# Using Wilcoxon-Mann-Whitney test for comparing two population of different sizes

I am using Wilcoxon-Mann-Whitney test for comparing two populations. Unfortunately, sizes of my population are different; one has size 100000 and the other 6000. Can I use this test to compare these populations? If not, is there any alternative test? Thanks!!

• Yes, you can do so. – David Robinson Mar 23 '14 at 14:32
• And I strongly advise you to study a nonparametric statistics text before proceeding. You would not have asked that question if you had had an introduction to nonparametric tests. – Frank Harrell Mar 23 '14 at 14:44
• I suppose you wanted to say "two samples", not "two populations". – ttnphns Mar 23 '14 at 15:35
• Hi, When I used Mann-Whitney-Wilcoxon (MWW) RankSum test of python(randalolson.com/2012/08/06/…), my p-value coming out 0.0. And hence I am accepting alternative hypothesis (i.e two samples are different). I just want to ask is it natural to get value 0.0. Thanks!! – Sangeeta Mar 23 '14 at 16:38
• The P value is not 0.00000000000.... It is simply smaller than the lowest fraction your program can print. – Harvey Motulsky Mar 23 '14 at 21:22

The size of the population should make no difference at all. But be very careful about whether you're confusing sample and population. The way you use them terms in comments makes me concerned you don't have them straight.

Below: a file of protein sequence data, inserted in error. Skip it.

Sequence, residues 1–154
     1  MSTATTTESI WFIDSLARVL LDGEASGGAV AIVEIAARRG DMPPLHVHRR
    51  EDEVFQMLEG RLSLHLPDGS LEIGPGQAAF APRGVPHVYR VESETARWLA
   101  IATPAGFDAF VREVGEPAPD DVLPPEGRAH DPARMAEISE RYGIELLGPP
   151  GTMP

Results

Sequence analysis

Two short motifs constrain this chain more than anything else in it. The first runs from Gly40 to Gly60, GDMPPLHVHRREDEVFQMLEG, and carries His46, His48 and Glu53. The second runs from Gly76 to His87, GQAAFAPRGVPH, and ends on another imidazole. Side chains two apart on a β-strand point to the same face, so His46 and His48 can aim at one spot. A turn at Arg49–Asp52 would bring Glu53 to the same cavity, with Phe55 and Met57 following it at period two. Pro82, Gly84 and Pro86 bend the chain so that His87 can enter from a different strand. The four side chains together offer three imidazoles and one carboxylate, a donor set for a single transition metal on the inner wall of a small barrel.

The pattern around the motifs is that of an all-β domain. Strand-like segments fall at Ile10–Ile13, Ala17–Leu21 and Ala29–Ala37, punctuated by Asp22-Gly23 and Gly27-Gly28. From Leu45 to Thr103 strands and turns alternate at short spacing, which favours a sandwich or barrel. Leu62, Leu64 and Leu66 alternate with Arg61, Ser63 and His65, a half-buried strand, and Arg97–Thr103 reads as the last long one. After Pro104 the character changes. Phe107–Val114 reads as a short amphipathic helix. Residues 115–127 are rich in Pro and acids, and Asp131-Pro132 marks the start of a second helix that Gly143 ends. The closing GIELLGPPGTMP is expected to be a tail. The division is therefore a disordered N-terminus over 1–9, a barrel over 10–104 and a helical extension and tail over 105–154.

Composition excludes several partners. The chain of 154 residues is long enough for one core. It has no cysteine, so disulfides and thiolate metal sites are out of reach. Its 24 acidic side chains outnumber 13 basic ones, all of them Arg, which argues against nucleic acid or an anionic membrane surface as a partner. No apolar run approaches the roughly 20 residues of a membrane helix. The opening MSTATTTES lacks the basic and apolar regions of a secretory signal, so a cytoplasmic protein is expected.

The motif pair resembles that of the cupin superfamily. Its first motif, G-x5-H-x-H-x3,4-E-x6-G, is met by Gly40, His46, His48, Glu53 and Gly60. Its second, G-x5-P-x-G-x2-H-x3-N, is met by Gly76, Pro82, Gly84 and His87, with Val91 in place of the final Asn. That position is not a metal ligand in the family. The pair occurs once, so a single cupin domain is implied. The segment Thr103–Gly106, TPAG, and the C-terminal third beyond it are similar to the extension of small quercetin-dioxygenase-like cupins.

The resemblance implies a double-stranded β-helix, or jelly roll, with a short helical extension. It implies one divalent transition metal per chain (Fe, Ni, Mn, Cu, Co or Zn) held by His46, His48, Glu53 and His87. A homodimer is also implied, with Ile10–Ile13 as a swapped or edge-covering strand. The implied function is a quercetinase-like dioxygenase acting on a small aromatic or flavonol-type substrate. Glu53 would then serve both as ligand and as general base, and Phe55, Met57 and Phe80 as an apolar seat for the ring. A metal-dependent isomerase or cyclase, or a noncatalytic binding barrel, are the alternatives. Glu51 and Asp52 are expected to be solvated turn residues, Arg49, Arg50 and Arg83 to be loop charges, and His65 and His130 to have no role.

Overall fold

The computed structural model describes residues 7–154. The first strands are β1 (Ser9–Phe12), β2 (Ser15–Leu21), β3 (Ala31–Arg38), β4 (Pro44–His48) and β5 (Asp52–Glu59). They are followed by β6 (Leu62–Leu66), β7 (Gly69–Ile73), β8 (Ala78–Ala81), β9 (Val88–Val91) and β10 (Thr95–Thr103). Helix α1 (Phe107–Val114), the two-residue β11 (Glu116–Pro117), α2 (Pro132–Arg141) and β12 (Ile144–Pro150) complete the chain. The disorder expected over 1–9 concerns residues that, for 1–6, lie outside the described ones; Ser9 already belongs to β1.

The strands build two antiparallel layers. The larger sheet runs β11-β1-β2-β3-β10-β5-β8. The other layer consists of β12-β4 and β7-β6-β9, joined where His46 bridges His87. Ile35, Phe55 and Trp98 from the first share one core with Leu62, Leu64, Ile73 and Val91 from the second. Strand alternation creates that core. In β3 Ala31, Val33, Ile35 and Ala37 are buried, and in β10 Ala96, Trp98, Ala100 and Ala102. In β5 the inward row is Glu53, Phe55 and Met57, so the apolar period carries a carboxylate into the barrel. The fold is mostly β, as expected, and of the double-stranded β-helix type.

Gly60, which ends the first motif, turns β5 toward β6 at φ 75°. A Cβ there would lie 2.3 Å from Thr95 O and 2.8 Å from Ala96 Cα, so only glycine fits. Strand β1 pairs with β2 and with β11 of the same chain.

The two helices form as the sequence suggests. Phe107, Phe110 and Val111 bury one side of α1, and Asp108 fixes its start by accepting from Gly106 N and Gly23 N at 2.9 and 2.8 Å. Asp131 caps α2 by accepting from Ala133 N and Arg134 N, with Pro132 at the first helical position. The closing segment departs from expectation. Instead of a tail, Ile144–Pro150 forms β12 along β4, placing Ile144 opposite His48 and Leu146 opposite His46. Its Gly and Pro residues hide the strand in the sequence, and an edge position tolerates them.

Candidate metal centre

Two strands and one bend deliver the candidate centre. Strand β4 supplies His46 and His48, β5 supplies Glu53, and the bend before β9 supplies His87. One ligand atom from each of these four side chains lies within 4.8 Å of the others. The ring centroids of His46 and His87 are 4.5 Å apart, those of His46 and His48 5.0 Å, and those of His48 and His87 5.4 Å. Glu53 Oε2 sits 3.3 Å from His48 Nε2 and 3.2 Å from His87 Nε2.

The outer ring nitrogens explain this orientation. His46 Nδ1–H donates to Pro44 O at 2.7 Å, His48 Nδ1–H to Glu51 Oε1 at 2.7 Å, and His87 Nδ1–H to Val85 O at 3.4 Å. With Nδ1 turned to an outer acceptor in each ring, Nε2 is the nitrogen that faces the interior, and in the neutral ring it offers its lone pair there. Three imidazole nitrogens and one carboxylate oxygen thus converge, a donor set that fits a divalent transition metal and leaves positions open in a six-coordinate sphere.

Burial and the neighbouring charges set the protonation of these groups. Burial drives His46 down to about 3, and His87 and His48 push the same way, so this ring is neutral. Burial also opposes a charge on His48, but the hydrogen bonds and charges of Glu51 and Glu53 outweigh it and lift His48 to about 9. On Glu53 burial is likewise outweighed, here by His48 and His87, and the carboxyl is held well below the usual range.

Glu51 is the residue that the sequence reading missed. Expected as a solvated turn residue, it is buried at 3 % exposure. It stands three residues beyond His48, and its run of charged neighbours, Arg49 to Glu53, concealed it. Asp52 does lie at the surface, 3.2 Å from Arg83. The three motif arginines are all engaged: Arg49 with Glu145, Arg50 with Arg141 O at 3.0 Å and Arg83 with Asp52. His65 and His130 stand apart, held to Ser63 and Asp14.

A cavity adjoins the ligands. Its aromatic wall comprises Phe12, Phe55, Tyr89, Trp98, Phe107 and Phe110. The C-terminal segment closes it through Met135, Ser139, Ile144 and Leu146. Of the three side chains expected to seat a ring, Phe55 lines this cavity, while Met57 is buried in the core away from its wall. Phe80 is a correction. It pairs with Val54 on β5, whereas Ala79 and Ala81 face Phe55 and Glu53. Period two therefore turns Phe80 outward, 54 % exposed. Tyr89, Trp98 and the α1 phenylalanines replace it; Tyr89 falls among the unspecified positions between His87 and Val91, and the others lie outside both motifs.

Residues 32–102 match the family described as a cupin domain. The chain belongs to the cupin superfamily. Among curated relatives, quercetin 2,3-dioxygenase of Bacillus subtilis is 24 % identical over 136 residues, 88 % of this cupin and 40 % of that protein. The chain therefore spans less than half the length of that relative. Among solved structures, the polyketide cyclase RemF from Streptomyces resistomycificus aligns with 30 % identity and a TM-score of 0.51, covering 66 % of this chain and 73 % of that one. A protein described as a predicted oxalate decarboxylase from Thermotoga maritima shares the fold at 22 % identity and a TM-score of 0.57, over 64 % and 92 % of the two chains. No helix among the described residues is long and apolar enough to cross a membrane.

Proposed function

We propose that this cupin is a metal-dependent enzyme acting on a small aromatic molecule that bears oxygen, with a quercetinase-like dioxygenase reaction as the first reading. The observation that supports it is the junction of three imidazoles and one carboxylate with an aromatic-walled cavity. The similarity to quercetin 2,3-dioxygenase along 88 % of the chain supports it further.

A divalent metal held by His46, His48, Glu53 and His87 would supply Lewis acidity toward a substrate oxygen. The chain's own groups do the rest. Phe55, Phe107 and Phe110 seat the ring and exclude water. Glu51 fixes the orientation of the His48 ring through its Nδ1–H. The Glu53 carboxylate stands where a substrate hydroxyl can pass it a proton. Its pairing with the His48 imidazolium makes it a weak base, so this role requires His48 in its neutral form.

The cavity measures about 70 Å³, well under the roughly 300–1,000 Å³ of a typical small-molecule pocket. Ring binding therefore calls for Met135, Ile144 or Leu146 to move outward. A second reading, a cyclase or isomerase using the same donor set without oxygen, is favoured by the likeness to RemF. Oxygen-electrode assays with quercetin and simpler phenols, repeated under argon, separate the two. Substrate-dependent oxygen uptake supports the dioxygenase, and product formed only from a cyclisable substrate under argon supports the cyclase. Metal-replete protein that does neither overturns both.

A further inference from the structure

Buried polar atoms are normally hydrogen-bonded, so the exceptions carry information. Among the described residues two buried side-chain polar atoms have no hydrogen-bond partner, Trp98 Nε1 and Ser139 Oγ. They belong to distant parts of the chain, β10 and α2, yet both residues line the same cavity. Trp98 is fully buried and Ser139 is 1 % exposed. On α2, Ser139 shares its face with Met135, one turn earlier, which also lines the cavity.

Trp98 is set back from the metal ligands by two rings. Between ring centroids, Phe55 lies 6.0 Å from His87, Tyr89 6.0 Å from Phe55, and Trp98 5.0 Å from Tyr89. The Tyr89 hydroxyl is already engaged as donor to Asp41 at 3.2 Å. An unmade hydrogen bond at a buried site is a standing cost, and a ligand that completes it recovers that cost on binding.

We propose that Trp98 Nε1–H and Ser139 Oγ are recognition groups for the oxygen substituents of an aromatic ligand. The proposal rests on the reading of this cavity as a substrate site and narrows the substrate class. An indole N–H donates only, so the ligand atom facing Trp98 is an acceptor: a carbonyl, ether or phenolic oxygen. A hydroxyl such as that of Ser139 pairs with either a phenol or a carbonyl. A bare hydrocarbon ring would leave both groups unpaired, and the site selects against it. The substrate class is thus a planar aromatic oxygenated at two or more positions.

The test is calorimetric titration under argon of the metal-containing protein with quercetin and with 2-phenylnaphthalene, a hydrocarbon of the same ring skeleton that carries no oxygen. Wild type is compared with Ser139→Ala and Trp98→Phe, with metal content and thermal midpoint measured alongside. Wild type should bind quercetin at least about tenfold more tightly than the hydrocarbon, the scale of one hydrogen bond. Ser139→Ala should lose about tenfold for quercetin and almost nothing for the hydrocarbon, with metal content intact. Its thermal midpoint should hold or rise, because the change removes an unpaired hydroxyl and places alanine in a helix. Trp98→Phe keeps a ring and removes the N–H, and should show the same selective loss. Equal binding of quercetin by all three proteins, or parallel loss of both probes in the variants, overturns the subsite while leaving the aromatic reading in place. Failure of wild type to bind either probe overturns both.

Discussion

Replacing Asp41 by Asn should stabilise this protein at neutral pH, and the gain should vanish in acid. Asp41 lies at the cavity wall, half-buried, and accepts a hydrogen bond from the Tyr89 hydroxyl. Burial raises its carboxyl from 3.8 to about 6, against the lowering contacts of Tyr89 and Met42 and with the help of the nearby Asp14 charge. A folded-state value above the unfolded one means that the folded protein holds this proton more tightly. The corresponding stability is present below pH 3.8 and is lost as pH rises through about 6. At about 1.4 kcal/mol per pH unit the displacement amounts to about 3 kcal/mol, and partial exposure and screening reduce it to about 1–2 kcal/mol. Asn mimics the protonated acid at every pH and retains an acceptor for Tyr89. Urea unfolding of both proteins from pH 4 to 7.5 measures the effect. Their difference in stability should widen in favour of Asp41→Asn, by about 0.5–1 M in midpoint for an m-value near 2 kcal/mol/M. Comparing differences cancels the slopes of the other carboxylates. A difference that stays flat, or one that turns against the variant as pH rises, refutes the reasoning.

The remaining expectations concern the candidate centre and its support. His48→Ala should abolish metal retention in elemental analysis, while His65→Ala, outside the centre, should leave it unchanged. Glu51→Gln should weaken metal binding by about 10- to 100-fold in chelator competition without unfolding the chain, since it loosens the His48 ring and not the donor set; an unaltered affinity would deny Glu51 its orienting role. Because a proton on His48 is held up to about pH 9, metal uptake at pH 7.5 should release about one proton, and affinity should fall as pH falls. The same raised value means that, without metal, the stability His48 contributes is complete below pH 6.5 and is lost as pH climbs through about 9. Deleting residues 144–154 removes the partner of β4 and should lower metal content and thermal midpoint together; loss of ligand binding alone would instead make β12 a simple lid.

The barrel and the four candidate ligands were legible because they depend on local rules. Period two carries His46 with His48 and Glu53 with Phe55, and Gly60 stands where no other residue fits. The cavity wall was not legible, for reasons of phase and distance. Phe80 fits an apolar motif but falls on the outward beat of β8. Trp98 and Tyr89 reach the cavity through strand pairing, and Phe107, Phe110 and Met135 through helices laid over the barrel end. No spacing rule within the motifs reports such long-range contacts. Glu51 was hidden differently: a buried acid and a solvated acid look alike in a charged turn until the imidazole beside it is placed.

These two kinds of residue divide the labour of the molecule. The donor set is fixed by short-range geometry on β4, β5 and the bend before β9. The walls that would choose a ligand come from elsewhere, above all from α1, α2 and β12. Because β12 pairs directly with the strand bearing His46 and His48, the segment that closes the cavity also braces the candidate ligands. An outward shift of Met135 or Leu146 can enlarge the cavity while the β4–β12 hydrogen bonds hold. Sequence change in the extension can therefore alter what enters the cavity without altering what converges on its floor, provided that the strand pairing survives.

And hence I am accepting alternative hypothesis

You would more properly say 'reject the null' than 'accept the alternative'. You might conclude the alternative is the case, but the decision is simply to reject the null (or to fail to reject it).

(i.e two samples are different).

That the samples differ is generally obvious from inspection. You don't need hypothesis tests for that. Hypothesis tests are about populations, and we make inferences about them from the samples.

(However, in the case of permutation tests - of which the MWW is an example, the conclusions can be based on the assumption of random allocation, and needn't assume random sampling from populations -- but in the absence of random sampling the extension of the conclusions back to the population of interest may be more difficult, requiring an additional stage of argument.)

I just want to ask is it natural to get value 0.0.

The term 'natural' doesn't fit here. It's possible - even common - to get a value which is zero to many decimal places, and will show as zero to finite precision (and you shouldn't overly fuss about exactly what the value is in those circumstances).

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You should consider editing your question to clarify the circumstances.